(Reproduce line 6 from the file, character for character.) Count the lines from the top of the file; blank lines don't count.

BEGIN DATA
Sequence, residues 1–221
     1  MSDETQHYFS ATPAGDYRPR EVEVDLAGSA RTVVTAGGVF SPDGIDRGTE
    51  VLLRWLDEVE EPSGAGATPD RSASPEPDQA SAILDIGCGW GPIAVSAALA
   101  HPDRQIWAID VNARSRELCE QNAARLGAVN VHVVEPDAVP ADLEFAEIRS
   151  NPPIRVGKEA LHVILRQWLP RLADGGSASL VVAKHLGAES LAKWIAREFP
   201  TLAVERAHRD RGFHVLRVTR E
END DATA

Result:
   201  TLAVERAHRD RGFHVLRVTR E